Paul KerrCrass and Campaign for Nuclear Disarmament

[Any opinions expressed in this post are mine alone.]

In December, two members of Crass, Penny Rimbaud (drums) and Steve Ignorant (vocals) generously took the time to speak with me for this article, which Jeffrey agreed to publish. [Because it’s fucking awesome! Ed. ]  Much has been written and said about Crass, which formed in 1977 and is more of a phenomenon than a mere band. I am not a Crass-ologist, but I do know something about nuclear weapons, so both interviews covered the band’s involvement with Campaign for Nuclear Disarmament (CND).

As an aside, Ignorant (whom I interviewed  on December 8) and Rimbaud (whom I interviewed the previous week) are tremendously nice, especially considering their vitriolic music. The former seems like a geezer you’d chat with in a pub; the latter comes across as an anti-capitalist Gandalf.

They’ve Got a Bomb

Crass were playing songs about nuclear weapons early on. Track four on their first full-length album, 1978’s The Feeding of the 5000, is a ditty titled “They’ve Got a Bomb.” George Berger’s The Story of Crass has a great description of that  song and its impact:

The awkward gap in the song, where a silence splits the song down the middle was accompanied at gigs by a sudden darkness in the room and film of an atomic bomb exploding.

I must also mention the 1980 “Nagasaki Nightmare” single (sample lyric: “Dying they’re still dying, one by one/Nagasaki nightmare”), which includes album art with an anti-nuclear collage, You can see the whole thing here.

Campaign for Nuclear Disarmament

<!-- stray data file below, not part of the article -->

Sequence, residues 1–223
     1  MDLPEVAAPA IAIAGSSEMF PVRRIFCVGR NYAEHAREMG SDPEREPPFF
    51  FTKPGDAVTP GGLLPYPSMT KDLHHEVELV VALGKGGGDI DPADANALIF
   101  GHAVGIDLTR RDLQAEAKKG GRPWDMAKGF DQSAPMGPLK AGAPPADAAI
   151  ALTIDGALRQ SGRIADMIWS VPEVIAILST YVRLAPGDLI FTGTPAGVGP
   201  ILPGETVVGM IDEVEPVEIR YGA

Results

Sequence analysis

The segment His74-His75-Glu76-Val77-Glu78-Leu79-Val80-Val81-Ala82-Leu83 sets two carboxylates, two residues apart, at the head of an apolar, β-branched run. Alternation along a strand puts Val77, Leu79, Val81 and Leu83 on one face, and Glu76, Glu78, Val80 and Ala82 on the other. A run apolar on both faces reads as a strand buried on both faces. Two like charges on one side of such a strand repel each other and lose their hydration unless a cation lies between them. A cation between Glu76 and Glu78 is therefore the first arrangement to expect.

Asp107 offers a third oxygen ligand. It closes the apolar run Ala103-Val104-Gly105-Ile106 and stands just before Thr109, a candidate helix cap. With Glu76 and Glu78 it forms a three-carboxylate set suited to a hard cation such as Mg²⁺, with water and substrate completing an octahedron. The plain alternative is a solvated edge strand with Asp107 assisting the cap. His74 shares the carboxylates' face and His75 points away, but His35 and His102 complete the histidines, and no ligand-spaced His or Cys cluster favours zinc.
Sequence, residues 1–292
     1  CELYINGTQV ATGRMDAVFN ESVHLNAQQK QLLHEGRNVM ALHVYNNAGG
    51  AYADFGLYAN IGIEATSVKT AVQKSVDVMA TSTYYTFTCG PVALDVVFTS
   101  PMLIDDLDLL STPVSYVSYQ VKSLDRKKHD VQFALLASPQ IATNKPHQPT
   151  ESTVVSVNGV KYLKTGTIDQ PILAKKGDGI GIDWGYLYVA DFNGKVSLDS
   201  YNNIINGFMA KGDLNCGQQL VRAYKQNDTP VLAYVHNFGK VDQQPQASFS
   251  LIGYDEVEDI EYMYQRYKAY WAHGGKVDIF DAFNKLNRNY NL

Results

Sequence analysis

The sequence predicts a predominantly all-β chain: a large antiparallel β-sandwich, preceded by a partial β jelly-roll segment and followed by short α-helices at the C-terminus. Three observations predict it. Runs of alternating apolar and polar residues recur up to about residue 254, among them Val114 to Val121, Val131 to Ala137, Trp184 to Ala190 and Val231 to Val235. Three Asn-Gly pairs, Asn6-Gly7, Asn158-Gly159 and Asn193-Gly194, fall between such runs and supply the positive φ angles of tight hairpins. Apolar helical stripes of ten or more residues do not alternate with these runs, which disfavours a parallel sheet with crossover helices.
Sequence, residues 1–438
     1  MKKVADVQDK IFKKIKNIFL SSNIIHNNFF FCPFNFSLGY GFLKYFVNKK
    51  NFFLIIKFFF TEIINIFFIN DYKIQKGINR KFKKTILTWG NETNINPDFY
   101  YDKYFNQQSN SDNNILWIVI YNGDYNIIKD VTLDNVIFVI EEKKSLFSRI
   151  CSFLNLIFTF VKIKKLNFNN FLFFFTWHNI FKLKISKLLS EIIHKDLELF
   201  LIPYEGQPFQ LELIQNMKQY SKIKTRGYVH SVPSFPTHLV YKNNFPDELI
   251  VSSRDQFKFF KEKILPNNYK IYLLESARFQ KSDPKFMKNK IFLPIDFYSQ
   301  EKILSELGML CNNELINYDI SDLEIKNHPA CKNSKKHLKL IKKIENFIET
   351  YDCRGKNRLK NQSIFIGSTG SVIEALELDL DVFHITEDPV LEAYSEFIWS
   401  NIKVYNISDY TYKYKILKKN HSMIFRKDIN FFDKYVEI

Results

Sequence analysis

ACW readers likely know this, but CND, according to its own history, launched in 1958 at a London meeting “building on the work of earlier anti-war movements.” The CIA described CND in 1984 as “the most influential peace group” in the UK, explaining that the campaign “first flourished during the ‘Ban the Bomb campaigns of the late 1950s and early 1960s.”  CND had “successfully organized several mass demonstrations in London and numerous smaller activities at military bases, according to the CIA.

Rimbaud told me that he has been a “lifetime supporter” of CND; he also mentioned the campaign’s close ties to the broader peace movement. During CND’s heyday, he explained, one would assume that “anyone with social awareness would be interested” in the campaign. In his 1998 book Shibboleth: My Revolting Life, Rimbaud wrote that Crass “decided to promote” the cause of CND, which was “downtrodden and dog-eared” at the time. The band subsequently displayed the CND symbol, which is also the peace symbol, at their gigs.  Crass adopted the symbol partly as a means to silence critics from both the left and the right, according to The Story of Crass and Shibboleth, as well as my interviews with Ignorant and Rimbaud.